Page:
How one electronic music producer wants to decolonize music software

Originally published at: How one electronic music producer wants to decolonize music software | Boing Boing


Music cultures are one of the most significant identifiers of any culture I would think. The electronic systems that quantize, correct a human input to a grid (with or without ‘swing’) will always be a novelty that is outside of playing an instrument or singing… Garry Numan’s ‘Cars’ is a combination of artificial synth sounds and a ‘real’ drummer pretending to play like a machine - no quantization!

Off grid pitch and timing are the human experience of playing and listening to music for most of us (even if we enjoy banning beats!) there is no way to tune a fretted instrument that will account for how soft or hard the player will fret the string… Angus Young from ACDC is known to be a very ‘light’ player… micro-tonality is everywhere.

Slide and pedal steel players use the notes in between as their stock in trade.

The understanding of other cultures music can never be understood by quantizing tonality or rhythm into a DAW.

But having said that, creating common templates that allow for a more accessible music creation experience for all people has to be a good thing!


Another good example of this is Donna Summer’s I Feel Love. Despite its legendary and innovative synthesizer use, Moroder and Bellotte couldn’t get a satisfactory kick drum sound out of the Moog. They used a human drummer who could keep perfect 4/4 time for some seven minutes straight instead.


I did not know that!! Thanks for sharing

It seems wrong to say that music software is colonized. It was just created by people who had a specific musical mindset. To say that it has been colonized would imply it existed in a different state prior to said colonization and thus that decolonizing it is an effort to return to that earlier state.


It’s colonized because whites have dominated what is considered popular music with only adopting/appropriating musical styles that it found attractive (ex. jazz and rock).


I thought it was colonization because the popular tools that make music creation somewhat easier are forcing musicians into European intervals as opposed to being tools that provide ease for all.


Which adhered to a very specific regional definition music. It’s straight out of the Euro-centric vision of what makes music, ignoring the very differing definitions of music that come out of many other traditions.


Well said. I was thinking along the same lines as an early adopter of music software. I have never felt software was capable of capturing the subtleties of human performances even in the conscious space much lest the sub conscious.
What I don’t understand is why this make the software colonial? Would it not simply make it Western? If there is a need for a solution that better caters to the varying subtleties of different styles then I believe someone with a good understanding of that should code such a tool and start taking money away from the other players in the space.


it was explained in both the original story AND in the comments.


Have you heard Raga Bhairav from Ten Ragas to a Disco Beat, which arguably created acid house years before the west did?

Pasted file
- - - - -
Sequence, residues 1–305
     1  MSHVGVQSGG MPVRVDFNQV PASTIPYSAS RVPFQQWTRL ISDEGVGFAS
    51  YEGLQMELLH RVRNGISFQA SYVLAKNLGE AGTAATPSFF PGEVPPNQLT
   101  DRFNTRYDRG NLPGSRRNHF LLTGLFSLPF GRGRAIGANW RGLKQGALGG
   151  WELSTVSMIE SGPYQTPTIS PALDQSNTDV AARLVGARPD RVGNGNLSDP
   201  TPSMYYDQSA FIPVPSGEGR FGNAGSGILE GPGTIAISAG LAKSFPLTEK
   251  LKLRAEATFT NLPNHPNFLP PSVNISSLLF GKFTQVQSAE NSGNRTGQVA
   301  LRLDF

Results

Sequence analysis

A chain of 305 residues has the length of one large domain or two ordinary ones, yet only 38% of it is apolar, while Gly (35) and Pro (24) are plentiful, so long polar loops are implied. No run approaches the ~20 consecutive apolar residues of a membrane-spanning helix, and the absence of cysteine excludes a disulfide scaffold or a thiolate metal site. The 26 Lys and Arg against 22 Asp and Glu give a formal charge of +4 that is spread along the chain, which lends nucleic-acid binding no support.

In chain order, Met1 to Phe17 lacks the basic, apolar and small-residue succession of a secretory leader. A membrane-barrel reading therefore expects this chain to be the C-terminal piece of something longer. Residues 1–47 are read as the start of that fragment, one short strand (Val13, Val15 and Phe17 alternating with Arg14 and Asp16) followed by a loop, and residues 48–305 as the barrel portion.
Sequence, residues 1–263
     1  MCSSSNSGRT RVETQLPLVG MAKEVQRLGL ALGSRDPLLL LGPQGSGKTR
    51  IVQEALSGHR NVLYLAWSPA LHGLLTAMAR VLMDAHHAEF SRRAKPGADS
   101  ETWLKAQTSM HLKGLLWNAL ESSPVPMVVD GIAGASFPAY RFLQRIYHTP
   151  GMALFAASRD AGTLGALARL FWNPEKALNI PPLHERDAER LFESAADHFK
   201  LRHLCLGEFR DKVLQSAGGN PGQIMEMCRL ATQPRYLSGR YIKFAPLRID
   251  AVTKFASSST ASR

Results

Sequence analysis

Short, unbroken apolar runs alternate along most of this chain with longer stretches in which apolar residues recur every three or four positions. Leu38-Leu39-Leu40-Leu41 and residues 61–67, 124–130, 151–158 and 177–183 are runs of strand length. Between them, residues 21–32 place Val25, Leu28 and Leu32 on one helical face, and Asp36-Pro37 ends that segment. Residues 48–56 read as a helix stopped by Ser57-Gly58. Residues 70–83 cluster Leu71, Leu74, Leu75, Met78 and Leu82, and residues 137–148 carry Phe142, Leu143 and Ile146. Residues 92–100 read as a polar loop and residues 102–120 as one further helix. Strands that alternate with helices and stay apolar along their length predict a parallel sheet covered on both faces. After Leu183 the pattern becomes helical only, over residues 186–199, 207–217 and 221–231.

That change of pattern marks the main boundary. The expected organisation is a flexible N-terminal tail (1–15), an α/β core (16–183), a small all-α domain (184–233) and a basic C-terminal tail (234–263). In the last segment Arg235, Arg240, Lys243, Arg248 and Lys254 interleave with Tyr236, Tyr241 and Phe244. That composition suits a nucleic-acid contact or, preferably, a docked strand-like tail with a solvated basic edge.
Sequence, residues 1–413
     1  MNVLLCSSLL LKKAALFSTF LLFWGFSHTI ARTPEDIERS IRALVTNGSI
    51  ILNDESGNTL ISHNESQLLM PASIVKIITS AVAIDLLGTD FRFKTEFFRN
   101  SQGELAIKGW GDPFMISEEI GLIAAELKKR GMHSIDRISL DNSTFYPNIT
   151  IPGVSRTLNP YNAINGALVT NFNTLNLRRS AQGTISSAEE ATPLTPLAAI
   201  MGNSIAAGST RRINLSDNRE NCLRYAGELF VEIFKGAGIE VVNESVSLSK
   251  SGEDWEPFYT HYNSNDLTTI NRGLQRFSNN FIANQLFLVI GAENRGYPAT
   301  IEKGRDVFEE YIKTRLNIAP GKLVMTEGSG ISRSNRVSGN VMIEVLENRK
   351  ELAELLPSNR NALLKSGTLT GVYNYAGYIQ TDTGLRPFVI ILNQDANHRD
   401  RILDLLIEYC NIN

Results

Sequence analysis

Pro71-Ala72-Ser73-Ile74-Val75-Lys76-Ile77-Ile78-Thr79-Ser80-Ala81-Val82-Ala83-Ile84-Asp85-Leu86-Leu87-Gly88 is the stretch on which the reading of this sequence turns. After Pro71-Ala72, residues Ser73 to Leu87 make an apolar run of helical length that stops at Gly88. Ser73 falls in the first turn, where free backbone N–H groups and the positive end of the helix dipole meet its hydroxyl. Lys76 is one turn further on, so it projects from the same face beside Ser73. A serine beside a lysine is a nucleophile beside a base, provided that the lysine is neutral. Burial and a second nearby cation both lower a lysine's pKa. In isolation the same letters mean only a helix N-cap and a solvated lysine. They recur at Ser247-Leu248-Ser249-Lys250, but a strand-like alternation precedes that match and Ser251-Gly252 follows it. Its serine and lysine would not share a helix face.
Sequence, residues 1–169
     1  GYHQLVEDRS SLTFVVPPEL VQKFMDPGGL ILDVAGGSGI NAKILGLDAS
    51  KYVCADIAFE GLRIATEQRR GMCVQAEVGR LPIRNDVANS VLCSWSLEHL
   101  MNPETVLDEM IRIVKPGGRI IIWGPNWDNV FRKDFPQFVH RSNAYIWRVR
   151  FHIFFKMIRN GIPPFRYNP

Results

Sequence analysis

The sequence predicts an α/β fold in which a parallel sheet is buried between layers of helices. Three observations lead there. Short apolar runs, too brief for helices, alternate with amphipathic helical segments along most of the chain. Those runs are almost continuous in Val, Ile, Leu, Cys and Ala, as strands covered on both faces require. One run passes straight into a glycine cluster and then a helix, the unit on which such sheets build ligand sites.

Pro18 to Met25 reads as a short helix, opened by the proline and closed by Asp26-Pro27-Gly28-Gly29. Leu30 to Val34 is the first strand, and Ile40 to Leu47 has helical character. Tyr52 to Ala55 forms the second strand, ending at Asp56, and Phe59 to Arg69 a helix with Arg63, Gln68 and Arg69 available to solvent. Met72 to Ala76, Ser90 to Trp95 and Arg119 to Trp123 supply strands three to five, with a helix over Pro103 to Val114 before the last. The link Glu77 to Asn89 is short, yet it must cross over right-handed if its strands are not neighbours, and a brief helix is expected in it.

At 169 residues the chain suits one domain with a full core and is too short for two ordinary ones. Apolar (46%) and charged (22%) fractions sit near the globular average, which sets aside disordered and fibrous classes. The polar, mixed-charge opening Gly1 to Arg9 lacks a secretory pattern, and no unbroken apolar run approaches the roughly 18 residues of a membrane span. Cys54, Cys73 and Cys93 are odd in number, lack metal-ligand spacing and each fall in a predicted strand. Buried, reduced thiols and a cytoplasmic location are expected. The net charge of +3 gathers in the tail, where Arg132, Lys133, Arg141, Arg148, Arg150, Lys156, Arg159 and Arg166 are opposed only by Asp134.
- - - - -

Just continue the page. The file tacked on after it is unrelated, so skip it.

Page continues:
This is a tangent, but I thought Chinese music used a twelve-note scale very similar to ours. Is the problem then something like tuning?


Exactly! Pretty much with the evolution of written music, notation, and the development of equal tempered tuning we have lost access to much of histories music… other cultures.

To codify music in a Euro-centric language and its machinery, instruments, is to exclude other ways of expression.

The piano forte is a rigid machine, however African American blues musicians would, for example, flatten the 7th to push the Western tonality ‘back home’. Mongrel instruments like the guitar which allowed for bending pitch and percussive expression were a natural fit (sax and trombone etc.).

Colonization of music would seem to be embedded in the musical means of production of the dominant culture as much as all production.

Believe it or not this is an area that Casio has addressed in their Casiotone keyboards for a good while.

… Including models in the current catalog with a cool selective quarter tone shift function.


You may be thinking of the shí-èr-lǜ scale…


That said, much of the Western stereotype of Chinese music is based on the pentatonic scale…

This is a misleading perception…

Part of what distinguishes Chinese classical music from Western classical music is the way in which it tends to use quarter tones and microtones, both of which are used in Western music, but typically as embellishments rather than explicit alternative tunings…


It’s not free, but one of my favorite softsynths is Modartt’s Pianoteq software, a remarkable piano modeling software that allows you to easily retune any of its virtual instruments…

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I have a Casio piano and either by menu-diving or sending a suitable SysEx in Midi it could change the temperament in
Equal, Pure Major, Pure Minor, Pythagorean, Kirnberger 3, Werckmeister, Mean-Tone, Rast, Bayati, Hijaz, Saba, Dashti, Chahargah, Segah, Gurjari Todi, Chandrakauns or Charukeshi. Other digital keyboard have this feature too, I’m sure about the now-defunct Farfisa. Some of the of analogue Farfisa Organ could be tuned in other temperament or go microtonal, sometimes in the middle of a performance.


More resources for anyone interested…


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